"It's just a matter of making plays when they present themselves," said quarterback Andrew Maxwell, whose 16-for-29 and 159-yard passing day would have looked a lot better with six more completions. "We're just missing opportunities. The plays are there to be made. Whose fault it is is irrelevant. We're just not making plays and that's what we need to do.
"We felt ready and we were ready. It's a step here; it's a step there. It's a play here; it's a play there."
It's the detail work that makes the difference between a stunning debut and an opening that leaves patrons wondering what all the fuss was about.
The receiving corps came out of the Eastern Michigan game in need of the most fit-and-finish treatment.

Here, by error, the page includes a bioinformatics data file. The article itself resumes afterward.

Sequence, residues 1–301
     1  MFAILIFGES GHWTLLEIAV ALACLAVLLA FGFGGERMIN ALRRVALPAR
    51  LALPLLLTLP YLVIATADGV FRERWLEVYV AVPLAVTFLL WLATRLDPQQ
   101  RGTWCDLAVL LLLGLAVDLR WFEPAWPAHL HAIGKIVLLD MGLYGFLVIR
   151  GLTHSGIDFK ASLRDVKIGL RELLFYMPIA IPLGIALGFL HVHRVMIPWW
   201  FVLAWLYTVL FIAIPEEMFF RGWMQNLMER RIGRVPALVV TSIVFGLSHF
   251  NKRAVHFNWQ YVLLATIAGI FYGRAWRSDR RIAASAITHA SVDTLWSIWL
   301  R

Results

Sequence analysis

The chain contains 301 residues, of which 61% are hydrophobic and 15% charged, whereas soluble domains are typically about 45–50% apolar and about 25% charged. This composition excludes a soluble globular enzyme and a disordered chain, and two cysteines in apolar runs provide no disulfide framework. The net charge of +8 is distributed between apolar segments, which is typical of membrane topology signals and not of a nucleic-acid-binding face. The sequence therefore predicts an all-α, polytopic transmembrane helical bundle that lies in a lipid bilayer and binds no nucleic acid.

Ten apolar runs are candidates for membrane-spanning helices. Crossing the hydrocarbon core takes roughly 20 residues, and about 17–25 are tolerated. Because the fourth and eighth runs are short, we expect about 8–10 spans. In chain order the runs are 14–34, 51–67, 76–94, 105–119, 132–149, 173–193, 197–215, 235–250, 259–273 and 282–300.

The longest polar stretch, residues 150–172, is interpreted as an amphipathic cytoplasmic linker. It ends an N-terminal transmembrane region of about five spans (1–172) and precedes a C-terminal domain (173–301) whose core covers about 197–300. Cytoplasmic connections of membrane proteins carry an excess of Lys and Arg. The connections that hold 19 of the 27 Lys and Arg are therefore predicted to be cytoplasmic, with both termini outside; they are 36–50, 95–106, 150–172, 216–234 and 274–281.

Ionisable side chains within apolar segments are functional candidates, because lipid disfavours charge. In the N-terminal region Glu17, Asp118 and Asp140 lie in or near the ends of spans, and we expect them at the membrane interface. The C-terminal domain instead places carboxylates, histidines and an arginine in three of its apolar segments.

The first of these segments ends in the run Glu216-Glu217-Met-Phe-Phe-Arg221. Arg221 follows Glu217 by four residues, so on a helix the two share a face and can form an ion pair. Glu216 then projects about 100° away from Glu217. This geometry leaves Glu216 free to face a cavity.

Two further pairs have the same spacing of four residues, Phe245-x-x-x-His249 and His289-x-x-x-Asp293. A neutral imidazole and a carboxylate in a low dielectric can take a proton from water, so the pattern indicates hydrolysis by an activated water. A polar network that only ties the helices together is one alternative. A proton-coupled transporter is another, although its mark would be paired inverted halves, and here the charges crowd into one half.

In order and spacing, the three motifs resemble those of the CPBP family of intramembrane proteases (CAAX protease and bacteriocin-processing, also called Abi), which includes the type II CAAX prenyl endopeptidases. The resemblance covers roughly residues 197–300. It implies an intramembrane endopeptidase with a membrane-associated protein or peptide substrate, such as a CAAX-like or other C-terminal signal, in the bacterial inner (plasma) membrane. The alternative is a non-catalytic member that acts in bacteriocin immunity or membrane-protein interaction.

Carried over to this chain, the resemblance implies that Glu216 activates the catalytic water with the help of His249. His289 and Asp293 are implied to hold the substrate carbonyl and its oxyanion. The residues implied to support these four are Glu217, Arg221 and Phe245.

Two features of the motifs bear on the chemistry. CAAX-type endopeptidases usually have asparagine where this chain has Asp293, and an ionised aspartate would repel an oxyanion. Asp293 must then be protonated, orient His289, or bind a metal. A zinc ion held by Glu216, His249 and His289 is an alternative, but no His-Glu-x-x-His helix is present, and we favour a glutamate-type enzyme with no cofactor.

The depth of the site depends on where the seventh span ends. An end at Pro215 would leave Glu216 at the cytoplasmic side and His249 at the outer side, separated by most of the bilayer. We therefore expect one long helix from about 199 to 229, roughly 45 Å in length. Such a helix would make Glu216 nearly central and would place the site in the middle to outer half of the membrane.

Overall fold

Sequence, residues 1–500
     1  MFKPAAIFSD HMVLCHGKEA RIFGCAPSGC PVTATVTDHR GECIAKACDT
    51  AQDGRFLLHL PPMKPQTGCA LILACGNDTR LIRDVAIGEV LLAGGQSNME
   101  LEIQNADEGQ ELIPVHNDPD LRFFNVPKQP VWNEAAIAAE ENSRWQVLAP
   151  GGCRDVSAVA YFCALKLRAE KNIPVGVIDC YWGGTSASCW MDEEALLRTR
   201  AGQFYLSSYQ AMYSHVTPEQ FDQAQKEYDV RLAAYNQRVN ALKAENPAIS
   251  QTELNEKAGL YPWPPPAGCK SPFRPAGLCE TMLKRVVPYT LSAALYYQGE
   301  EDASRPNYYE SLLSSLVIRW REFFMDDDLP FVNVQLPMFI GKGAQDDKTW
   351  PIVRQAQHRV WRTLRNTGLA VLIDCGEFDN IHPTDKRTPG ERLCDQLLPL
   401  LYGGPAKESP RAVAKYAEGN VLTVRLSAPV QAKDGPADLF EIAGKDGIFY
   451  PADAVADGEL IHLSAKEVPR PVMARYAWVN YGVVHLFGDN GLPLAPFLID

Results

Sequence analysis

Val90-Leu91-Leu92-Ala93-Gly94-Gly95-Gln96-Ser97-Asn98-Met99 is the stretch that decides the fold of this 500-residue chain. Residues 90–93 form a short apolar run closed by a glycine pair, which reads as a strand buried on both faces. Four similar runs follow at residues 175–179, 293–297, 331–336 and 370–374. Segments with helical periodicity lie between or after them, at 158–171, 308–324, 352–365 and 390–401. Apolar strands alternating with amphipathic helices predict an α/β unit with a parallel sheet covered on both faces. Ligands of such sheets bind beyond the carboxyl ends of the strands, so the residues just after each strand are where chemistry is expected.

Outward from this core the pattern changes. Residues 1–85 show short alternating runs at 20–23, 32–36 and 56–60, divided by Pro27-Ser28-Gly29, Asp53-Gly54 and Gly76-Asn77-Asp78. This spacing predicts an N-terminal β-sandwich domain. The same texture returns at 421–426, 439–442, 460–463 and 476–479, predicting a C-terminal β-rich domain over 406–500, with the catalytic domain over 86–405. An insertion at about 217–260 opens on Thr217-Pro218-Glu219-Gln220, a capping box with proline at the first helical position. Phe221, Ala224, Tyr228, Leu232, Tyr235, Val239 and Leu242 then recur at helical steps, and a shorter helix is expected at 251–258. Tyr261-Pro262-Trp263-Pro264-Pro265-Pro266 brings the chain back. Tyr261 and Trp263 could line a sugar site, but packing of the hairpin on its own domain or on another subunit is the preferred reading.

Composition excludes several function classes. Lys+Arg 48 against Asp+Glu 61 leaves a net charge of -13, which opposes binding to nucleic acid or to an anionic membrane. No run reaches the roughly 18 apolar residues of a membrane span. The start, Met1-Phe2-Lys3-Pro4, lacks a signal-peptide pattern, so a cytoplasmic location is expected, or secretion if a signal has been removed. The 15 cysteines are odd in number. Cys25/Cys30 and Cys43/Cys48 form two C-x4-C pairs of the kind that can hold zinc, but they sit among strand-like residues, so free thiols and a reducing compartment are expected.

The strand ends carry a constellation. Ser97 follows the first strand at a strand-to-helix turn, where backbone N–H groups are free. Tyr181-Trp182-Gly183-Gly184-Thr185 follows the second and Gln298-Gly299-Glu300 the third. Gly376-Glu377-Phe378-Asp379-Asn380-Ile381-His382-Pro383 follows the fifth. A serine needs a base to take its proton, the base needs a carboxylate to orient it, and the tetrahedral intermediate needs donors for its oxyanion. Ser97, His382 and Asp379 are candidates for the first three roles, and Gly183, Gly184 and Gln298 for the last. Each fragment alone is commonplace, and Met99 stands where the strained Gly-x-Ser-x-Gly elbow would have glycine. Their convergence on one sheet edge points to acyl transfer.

The dropped passes, starting with the very first series, put MSU in such predictable down-and-distance circumstances; it found itself in a punting contest and trailed 7-3 at halftime.
"I don't think we made any progress at all (in the passing game)," said offensive coordinator Dan Roushar. "Right now, we are searching. I thought Keith Mumphery a week ago caught the ball very well and made plays for us. Then today, he starts with the first one coming off his chest and it starts to snowball a little that way.
"I thought the (receivers) had a really good week of practice. I was really watching our wide receivers and their effort was good, their routing expression was good and they caught the ball well. It just didn't transition into our play. We are reaching and we will continue to work. Until the fourth quarter, we didn't have anything going for us."
Whether the receivers' plight was contagious is debatable, but kicker Dan Conroy missed an opportunity to salvage a 3-0 lead later in the first quarter when he decelerated on a 39-yard field goal try that sailed wide right.